Last Tuesday I had a client spend a good part of her session talking about, none other than, mashed potatoes. She had been rushing all morning preparing for her Thanksgiving meal; she created a schedule down to the minute which allowed for one hour to slip into a therapy appointment. These in-laws are coming, those siblings are bringing this and that and she was trying to get things in order. She had a faint memory of her mother telling her that one type of potato was better than another for the perfect mash, but she didn’t remember which was that “right” potato. She had boiled them, drained them and begun to mash them as her husband entered the kitchen to see why she was uttering profanity at the potatoes.
As we dissected the stress, the emotions, and the mashed potatoes it became clear that the whirlwind of anxiety was not really about the potatoes, but about her relationship with her mother, perceptions of family expectations and feelings of inadequacy. As she finished the session, my client’s parting words were “I am so glad I didn’t skip this week. I didn’t think I’d have time to come in, but this was a well-spent hour.”
So often we project our inner inadequacies and stress onto the minutiae of our day. I can’t imagine that road rage during the 5:00 rush hour doesn’t have something to do with a lousy day at the office or a nasty boss. I think about all the craziness at the mall over the next few weeks and wonder about people searching for the perfect gift to heal a relationship or calm a turbulent family situation.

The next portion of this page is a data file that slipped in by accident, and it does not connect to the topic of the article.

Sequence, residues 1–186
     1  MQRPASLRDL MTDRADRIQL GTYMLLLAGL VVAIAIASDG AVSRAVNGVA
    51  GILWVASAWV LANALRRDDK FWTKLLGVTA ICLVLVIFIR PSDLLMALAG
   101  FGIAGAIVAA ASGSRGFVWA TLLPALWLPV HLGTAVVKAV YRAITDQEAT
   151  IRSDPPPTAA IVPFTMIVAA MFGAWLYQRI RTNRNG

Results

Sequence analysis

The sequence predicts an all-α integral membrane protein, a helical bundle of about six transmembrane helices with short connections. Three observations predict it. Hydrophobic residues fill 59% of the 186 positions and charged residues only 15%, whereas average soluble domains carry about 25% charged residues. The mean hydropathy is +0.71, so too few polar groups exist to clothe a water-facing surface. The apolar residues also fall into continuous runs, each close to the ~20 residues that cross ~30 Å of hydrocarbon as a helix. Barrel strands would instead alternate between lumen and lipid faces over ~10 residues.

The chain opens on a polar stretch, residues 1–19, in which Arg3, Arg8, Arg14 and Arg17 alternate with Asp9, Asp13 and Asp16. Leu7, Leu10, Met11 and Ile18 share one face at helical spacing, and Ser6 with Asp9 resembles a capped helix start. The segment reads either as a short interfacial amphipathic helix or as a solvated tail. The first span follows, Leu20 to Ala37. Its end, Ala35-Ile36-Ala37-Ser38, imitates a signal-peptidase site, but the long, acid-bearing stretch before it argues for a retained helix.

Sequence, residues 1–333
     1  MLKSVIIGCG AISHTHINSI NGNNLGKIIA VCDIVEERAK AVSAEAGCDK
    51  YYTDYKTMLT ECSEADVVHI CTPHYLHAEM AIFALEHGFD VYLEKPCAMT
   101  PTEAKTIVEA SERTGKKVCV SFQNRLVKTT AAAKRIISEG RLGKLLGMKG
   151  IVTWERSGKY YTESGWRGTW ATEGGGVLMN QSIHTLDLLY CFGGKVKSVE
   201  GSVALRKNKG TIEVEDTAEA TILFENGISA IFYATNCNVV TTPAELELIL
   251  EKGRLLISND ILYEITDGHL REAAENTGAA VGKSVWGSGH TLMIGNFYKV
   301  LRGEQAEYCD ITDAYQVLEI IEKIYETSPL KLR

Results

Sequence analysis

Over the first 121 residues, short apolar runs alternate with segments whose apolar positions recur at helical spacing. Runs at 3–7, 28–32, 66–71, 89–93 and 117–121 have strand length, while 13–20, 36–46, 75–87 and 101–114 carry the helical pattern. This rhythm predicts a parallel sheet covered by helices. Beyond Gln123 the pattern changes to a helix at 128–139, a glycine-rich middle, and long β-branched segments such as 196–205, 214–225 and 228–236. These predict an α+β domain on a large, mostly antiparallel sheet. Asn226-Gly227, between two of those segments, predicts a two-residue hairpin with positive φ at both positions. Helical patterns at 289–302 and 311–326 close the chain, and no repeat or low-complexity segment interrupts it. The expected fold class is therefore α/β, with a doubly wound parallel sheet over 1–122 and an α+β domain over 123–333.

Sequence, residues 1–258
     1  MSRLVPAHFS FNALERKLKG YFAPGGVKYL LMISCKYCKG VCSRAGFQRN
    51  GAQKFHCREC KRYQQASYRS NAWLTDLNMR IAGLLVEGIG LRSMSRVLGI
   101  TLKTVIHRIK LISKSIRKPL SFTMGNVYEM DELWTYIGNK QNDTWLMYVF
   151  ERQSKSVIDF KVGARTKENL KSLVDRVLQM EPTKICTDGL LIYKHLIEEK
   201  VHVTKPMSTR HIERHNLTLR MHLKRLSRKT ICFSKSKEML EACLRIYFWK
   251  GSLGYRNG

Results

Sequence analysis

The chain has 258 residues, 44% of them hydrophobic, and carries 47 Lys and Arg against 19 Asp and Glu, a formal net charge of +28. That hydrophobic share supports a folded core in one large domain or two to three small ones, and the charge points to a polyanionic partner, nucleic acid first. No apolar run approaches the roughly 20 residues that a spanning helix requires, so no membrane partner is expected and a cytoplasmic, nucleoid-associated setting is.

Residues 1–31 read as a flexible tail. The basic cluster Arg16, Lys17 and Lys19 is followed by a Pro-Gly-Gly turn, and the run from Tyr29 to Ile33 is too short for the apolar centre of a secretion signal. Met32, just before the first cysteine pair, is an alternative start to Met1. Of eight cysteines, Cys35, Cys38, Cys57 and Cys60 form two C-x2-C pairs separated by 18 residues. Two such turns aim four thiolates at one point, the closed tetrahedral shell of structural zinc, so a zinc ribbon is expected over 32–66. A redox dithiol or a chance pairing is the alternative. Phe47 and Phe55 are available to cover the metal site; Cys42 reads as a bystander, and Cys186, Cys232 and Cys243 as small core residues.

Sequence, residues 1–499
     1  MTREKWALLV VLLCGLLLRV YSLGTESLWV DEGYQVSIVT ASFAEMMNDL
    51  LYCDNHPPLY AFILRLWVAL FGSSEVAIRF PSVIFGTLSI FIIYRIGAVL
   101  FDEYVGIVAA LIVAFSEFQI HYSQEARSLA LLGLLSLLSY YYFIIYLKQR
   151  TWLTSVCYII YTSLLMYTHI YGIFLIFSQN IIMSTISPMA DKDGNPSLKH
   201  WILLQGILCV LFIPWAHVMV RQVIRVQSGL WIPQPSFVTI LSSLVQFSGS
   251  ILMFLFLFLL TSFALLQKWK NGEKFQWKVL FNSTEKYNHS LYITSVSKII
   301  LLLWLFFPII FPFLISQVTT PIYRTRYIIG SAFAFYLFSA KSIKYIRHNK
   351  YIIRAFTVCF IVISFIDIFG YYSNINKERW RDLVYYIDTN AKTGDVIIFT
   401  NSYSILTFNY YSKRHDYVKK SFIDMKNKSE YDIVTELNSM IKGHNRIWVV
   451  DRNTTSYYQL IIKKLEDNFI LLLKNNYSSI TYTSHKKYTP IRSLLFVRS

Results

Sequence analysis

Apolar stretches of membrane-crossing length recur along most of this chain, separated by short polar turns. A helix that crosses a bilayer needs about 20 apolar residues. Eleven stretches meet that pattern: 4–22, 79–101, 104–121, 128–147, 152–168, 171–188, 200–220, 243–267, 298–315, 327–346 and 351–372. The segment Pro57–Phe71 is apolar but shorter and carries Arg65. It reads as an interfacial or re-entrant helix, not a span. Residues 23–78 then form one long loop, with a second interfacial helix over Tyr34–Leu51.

The holidays have arrived. The Salvation Army folks have been ringing their bells for weeks at the Giant, wreaths are up and the endless soundtrack of Christmas music is on every radio station. Chanukah, Christmas, Kwanzaa and New Years are upon us. If you are feeling overly stressed; pause. Take a deep breath. Think about your last interaction or thought. Was it the phone call from your spouse or the nastygram from you teenager? We are so accustomed to swallowing our emotions and having them erupt at the dinner table or the pot of mashed potatoes that we often don’t even realize we are upset until it is too late.
As my client said “it was an hour well spent”. If you are thinking that your own potatoes are about to boil over, consider giving yourself the gift of “an hour well spent”. I don’t think you will regret it.
Is it trite to write about Thanksgiving on the Monday before Thanksgiving? Oh, what the heck. I have so much for which to be thankful, it’s a nice reminder to pause and reflect on my blessings.
Where to start? So often we take our health for granted until we get “the call” that something is wrong. I am so grateful for my health and that of my loved ones. We have had our bumps in the road, but thank G-d, for today, we are well and strong and continue to laugh.